La Voz Weekly The voice of De Anza College since 1967
Player profile: Victoria Ramirez De Anza freshman soccer forward has many interests outside of soccer
Monday, Dec. 2, 2013
DASB president opens up about painful past Opening a campus discussion about sexual assault, Stacie Rowe duscusses her own experience Opinions p. 6
David Brooks visits De Anza New York Times columnist speaks about the pitfalls of “me generation” individualism Student Life p. 5
Angel Ibanez | LA VOZ staff
De Anza College soccer player attempts to pass the San Francisco defense during a 5-3 Dons victory on Tuesday, Nov. 26. De Anza’s next game will be against
All hail selfie! word of the year!
Countdown to the apocalypse officially begins
Sports p. 8
Christian fellowship Several Christian clubs on campus help unite likeminded students Student Life p. 5
Voices of De Anza Students and faculty express opinions on recent events Letters to the Editor p. 7
Pond still runs dry Long delayed Cheeseman pond redesign almost reality News p. 3
Pick up the next issue of La Voz Weekly Jan. 6, 2014 facebook.com/ lavozweekly @lavozweekly Vol. 47, No. 9
By Rika Kumar Staff Writer Selfie Syllabification: (sel·fie) (also selfy); noun (plural selfies) Definition: A photograph that one has taken of oneself, typically one taken with a smartphone or webcam and uploaded to a social media website. (Oxford English Dictionary, 2013)
The word “selfie” was named Oxford English Dictionary’s 2013 Word of the Year. Everyone used the word as if it were a real one, so in due course it turned into a real word. Seems legit. The rather sad part is, people took selfies so often that it required its own name. Then people said that word so many times that the Oxford English Dictionary, the dictionary of all dictionaries, had no choice but to
give it its own entry. This has been a downgrade to the English language, considering the word represents an action many people aren’t particularly fond of. It’s hard to believe anyone really enjoys the slew of selfies they find themselves scrolling through as they attempt to entertain themselves on Facebook. “Selfies get really boring. I really hate when people post a picture of themselves every day.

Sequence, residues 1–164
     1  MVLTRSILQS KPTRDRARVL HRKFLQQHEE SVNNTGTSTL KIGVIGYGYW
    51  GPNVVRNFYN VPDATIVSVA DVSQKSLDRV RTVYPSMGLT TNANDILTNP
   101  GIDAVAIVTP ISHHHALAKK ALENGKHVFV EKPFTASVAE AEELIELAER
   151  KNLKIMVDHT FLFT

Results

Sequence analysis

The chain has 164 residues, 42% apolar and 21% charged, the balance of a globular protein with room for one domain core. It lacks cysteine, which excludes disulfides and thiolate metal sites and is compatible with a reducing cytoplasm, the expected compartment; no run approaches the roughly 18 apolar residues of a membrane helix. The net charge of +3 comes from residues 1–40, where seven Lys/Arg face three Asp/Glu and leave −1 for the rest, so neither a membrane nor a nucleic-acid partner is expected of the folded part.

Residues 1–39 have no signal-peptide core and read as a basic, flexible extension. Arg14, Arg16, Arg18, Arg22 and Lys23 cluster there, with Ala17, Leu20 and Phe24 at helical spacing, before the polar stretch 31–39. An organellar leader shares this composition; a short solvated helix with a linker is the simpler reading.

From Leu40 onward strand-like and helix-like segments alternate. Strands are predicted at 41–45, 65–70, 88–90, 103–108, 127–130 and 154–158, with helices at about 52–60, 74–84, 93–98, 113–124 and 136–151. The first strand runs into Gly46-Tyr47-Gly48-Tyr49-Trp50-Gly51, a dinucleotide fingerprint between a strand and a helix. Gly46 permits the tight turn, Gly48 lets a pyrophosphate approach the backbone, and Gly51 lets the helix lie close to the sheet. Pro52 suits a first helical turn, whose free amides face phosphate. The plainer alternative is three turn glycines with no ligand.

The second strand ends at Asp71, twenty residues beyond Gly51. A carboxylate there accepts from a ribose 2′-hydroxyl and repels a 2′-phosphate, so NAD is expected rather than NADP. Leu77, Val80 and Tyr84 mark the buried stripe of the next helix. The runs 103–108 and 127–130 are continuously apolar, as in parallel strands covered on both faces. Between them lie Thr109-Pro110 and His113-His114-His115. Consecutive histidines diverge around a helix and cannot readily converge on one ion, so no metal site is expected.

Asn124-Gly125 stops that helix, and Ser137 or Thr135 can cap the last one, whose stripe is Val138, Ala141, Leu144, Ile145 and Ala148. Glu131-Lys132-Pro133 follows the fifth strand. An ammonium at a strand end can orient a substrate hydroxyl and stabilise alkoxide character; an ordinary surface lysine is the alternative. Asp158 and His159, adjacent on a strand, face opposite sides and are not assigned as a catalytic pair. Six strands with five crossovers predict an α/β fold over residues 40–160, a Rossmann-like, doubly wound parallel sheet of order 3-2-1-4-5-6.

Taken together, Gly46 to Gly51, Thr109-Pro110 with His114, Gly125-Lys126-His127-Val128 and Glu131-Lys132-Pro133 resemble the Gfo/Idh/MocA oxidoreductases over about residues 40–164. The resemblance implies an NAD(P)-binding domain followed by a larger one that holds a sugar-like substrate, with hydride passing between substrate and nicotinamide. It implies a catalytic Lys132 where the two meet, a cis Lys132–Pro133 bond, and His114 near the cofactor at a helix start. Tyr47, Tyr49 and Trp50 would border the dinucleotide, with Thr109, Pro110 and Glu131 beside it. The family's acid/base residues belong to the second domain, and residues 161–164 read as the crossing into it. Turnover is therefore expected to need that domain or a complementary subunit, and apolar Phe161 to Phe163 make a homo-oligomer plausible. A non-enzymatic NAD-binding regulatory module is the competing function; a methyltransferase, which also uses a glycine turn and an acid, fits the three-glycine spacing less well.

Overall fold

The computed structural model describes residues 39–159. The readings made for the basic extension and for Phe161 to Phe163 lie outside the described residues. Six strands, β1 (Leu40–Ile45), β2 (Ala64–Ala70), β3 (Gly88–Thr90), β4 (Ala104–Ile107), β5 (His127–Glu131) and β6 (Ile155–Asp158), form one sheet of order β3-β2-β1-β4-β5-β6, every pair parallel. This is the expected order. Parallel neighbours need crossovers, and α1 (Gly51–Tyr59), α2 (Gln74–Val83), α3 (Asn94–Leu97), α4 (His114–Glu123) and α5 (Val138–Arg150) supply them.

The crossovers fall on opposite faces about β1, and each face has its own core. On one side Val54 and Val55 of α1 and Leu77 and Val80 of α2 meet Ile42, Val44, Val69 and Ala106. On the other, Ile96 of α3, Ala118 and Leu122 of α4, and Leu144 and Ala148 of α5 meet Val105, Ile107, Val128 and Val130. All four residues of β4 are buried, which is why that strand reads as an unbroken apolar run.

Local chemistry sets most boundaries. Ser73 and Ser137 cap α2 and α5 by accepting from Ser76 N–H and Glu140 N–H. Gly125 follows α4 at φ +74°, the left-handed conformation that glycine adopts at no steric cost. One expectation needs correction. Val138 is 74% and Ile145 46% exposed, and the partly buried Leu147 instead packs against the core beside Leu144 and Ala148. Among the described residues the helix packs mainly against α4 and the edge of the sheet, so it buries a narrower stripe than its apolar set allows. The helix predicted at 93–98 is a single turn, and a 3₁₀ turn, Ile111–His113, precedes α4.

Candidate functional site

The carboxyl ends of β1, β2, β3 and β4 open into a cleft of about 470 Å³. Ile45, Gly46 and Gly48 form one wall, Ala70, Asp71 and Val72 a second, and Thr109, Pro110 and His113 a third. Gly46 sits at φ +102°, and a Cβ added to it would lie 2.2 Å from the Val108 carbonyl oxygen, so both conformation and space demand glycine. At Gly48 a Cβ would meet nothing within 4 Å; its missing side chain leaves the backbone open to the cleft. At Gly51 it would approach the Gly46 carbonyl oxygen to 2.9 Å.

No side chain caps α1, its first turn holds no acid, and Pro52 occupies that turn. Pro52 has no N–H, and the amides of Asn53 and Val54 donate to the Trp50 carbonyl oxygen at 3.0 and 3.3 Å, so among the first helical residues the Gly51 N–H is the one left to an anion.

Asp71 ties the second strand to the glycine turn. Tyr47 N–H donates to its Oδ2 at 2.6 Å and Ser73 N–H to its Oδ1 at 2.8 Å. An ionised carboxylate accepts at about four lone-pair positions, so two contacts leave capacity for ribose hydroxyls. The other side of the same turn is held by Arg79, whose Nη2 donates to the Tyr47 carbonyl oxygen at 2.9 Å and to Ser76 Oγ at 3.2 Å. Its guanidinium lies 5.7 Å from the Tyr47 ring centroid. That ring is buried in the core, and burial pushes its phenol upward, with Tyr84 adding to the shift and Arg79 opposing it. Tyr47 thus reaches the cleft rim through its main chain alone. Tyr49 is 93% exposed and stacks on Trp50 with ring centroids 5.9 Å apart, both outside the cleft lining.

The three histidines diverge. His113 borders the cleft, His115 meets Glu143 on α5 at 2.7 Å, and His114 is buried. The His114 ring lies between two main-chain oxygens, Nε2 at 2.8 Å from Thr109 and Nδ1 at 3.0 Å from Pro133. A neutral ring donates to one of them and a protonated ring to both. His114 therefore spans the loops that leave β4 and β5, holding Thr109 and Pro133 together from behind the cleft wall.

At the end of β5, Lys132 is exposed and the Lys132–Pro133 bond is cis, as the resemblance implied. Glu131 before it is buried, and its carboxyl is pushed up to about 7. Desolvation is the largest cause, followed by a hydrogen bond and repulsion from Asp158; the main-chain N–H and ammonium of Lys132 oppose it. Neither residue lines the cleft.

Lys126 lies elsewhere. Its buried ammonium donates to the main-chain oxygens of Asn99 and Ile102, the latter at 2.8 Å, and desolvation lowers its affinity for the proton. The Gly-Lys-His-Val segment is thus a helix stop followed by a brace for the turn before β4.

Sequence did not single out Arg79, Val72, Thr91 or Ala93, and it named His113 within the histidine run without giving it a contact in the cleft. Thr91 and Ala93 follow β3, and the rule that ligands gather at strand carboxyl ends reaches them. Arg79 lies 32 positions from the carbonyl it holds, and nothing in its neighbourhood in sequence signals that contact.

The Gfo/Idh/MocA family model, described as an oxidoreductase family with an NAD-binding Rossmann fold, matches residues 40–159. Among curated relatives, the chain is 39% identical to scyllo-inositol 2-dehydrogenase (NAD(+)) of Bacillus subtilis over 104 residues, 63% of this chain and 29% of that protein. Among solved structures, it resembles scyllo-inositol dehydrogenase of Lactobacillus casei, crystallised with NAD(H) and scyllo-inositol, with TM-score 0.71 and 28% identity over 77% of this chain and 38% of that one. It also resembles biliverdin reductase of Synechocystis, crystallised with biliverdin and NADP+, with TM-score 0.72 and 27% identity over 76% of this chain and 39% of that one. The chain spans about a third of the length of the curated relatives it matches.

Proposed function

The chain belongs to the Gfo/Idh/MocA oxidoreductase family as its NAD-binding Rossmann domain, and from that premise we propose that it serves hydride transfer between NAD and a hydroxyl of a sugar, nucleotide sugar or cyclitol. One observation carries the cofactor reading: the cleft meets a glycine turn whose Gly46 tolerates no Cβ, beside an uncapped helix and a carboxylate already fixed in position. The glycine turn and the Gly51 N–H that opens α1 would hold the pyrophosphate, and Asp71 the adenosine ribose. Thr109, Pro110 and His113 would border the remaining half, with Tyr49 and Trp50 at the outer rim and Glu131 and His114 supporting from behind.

I don’t think they realize they look the same,” said Mi Ding, 18, English major. Hopefully now that the Oxford Dictionary has come out with the official definition, people will take note of their usage example of the word selfie, which specifically states, “ … posting a new picture of yourself everyday isn’t necessary.” Some of the most heinous
see selfie p. 6
2 CAMPUS EVENTS Dec. 2, 2013
HEALTH care reform info session
5:30 p.m. to 7:30 p.m. Conference Rooms A&B Learn about the new health care implementation. Bring questions you have, and get answers. For more information, contact Ben Pacho at DASBSRCR@deanza.edu or 408864-5432 x3745. Second session to be held Monday, Dec. 2 from 5:30 to 7:30
TRANSFER ADVISING: USF
10 a.m. to 12 p.m. (Campus Center) 12 p.m. to 2 p.m. (Transfer Center) Bhavi Patel, USF University Evaluator/ Transfer Counselor, will be on-campus to provide one-on-one advising to prospective transfer students. For more information about transferring to USF, go to http:// hwww.usfca.edu/admission/transfer
TRANSFER ADVISING: UC BERKELEY
10 a.m. to 2 p.m. Transfer Center, SCS Building, Second Floor Christina Tinsley, a UC Berkeley representative, will be on-campus to provide 0ne-on-one transfer advising for prospective transfer students. Advising will be available on a by appointment or drop-in basis (if time permits). Please note all scheduled University rep visits are subject to change or cancellation without notice.
NEW AND FORMER STUDENT REGISTRATION BEGINS CHILL CITY: FINALS De-stress
11:30 a.m. to 1:30 p.m. Location: TBD Take time to de-stress as you prepare for finals week. Sponsored by Health Services; contact Mary Sullivan for more information at email@example.com
TWO PIANO STUDENTS IN CONCERT
12 p.m. to 1:25 p.m. A11 Sponsored by the Creative Arts Division; for more information, contact Anna Poklewski at firstname.lastname@example.org
1st THursday: Open Mic SEries
5 p.m. to 7 p.m. Euphrat Museum Participate in the fusion of spoken word poetry and hip hop. If you are a poet, singer, rapper, spoken word artist, or someone who wants to come join the show, come out for the event. For more information, contact LaQuisha Beckum at beckumlaquisha@ deanza.edu
De Anza CHAMBER ORCHESTRA
7:30 p.m. to 10 p.m. VPA 115, VPAC Auditorium Admission is $10 for general and $5 for
students/seniors; contact Loren Tayerle for more information at email@example.com
SOPHIA U-JAM HIP HOP AEROBIC FUNDRAISER
1 p.m. to 4 p.m. PE Quad, PE 11U Come for an afternoon of hip hop dance to raise relief funds for those impacted by the recent typhoon in the Phillipines. Sponsored by APASL, APALI, APASA, CHC, Circle K, DASB, ICCE, IMPACT AAPI, Phi Theta Kappa and the Office of Instruction
De Anza Symphonic Winds: A Western Odyssey
1 p.m. to 4 p.m. VPA 115, VPAC Auditorium Sponsored by DASB and the Creative Arts Division. All tickets are $5; for more information contact John Russell at russelljohn@ fhda.edu
DE AnzA MUSIC STUDENT RECITAL
7 p.m. to 9 p.m. A11 Sponsored by the Music Department; for more information contact Ron Dunn at firstname.lastname@example.org
TRANSFER ADVISING: CSU East Bay
10 a.m. to 2 p.m. Transfer Center, SCS Building, Second Floor A CSUEB representative, will be oncampus to provide 0ne-on-one transfer advising for prospective transfer students. Advising will be available on a by appointment or drop-in basis (if time permits). For more information, call the Transfer Center at 408-864-8841
CONCURRENT HIGH SCHOOL STUDENT REGISTRATION BEGINS APASA Holiday Benefit for TYPhoon Haiyan Relief
11:30 a.m. to 2 p.m. MCC Join members of the Asian Pacific American Staff Association (APASA) for a holiday benefit to raise funds for those impacted by Typhoon Haiyan in the Philippines. All proceeds will go to NAFCON-USA Typhoon Haiyan Relief Effort.